The Zulu Ball is something I have always wanted to attend. Every year like clock work I would profess that "I am going to Zulu ball this year!" Fingers crossed. The fact that it materialized, I believe was no coincidence. The Zulu Social Aid and Pleasure Club is the most visible African-American Carnival organization in the city of New Orleans, dating back to 1909. In the past, enslaved Africans and the Gens de Couleur libres (free people of color) were not allowed to participate in the festivities of Mardi Gras. As a matter of fact, during the pre-Civil War Ara, open gatherings of enslaved African-Americans were strictly controlled. However, after the civil war, emancipation, and the 13th amendment public demonstrations and celebrations became very common in the African-American community.
The city was full and bustling of fun and an energetic spirit. Beauty could be found in the simplest of things, like the cart that passed on the parade route selling stuffed animals and carnival memorabilia. Restaurants where packed with families, natives and tourist alike, where they were compelled to admire, appreciate and compliment beautiful things, which I consider to be one of God's greatest gifts of physical life. Likewise, what is a celebration without good food. This is New Orleans by the way, where the selections become harder to choose between. However, of course to find a great view and authentic Louisiana seafood you must patron Superior Seafood & Oyster Bar located in the historic neighborhood of Uptown New Orleans. Sitting on the corner of St. Charles and Napoleon Avenue this restaurant really offers a front row seat to the beautiful sites, sounds and culture of New Orleans. This experience allowed me to realize what an opportunity I have.. What I can do for the city I love so much. I am grateful. Do whatcha wanna!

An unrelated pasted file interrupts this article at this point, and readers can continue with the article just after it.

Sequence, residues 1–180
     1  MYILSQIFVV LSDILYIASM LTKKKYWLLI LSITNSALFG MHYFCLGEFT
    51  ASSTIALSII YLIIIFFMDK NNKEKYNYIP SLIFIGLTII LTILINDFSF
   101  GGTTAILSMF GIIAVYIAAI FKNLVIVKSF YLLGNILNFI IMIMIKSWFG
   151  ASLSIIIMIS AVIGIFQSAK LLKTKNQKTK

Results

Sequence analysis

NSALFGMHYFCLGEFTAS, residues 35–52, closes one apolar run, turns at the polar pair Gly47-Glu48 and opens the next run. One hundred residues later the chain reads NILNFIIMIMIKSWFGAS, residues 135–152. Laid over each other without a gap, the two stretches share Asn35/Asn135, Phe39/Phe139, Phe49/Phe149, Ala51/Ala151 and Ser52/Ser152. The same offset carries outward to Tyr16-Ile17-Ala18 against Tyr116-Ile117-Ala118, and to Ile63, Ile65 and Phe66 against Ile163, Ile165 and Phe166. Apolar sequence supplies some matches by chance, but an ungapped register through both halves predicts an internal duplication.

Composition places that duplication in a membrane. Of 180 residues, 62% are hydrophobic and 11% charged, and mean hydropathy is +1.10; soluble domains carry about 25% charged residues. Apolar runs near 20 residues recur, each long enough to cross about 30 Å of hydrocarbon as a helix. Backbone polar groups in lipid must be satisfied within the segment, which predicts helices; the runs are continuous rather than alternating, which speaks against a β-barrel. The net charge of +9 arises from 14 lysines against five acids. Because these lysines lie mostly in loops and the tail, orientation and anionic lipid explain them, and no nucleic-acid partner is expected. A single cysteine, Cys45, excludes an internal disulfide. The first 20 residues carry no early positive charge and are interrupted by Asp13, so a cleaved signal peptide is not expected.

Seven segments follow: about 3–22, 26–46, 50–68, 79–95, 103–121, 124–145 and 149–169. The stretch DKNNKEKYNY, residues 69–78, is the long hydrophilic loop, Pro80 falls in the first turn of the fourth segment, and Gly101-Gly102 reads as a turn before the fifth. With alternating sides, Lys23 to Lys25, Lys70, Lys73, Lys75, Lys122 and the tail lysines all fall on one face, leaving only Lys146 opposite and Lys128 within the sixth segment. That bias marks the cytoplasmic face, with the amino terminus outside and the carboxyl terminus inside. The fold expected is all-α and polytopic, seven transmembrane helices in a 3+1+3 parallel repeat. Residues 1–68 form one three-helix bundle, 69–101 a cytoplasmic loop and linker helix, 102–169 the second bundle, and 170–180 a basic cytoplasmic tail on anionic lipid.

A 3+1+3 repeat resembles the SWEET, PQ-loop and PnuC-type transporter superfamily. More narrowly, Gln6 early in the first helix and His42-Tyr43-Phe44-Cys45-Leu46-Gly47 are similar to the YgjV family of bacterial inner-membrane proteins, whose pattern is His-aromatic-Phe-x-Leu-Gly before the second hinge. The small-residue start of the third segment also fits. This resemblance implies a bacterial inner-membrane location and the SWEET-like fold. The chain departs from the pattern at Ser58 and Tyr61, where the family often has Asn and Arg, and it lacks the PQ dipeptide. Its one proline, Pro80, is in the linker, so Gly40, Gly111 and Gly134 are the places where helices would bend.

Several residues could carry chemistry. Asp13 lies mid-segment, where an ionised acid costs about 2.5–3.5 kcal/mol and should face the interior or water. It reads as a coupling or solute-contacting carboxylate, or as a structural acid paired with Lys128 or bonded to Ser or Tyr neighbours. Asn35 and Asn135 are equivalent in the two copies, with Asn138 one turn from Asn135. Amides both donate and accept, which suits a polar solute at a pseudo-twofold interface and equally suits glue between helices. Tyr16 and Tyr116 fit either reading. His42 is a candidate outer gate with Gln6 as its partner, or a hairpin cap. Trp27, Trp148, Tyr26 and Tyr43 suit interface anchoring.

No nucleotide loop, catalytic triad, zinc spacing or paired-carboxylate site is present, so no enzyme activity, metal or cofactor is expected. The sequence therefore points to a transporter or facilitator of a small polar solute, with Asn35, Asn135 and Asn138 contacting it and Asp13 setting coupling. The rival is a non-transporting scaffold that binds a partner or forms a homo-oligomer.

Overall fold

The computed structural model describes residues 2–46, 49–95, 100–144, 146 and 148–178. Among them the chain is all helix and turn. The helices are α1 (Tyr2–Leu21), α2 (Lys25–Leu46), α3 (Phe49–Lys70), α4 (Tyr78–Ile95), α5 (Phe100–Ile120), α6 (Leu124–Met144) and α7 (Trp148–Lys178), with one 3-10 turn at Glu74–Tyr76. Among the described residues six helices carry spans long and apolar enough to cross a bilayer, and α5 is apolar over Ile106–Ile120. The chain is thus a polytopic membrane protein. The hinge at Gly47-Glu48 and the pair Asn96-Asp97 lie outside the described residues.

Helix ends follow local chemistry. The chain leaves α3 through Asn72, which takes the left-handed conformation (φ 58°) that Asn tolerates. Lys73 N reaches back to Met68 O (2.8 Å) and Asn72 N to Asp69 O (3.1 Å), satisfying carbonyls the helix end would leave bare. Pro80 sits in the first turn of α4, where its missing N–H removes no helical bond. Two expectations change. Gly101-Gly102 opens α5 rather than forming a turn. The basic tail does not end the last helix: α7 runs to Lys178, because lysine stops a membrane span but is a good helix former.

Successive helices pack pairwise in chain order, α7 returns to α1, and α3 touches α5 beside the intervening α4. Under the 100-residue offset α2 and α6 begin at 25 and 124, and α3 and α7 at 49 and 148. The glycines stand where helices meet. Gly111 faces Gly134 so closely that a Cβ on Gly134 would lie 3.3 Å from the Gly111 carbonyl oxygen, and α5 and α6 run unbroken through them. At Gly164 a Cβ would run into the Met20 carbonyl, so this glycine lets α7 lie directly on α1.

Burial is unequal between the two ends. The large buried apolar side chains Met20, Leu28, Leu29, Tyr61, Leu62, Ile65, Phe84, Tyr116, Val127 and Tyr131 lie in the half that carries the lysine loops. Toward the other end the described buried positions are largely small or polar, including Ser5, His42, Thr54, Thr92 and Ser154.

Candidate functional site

Alicia M. Burks
"I feel absolutely challenged in just being myself, yet building my life on a foundation of excellence."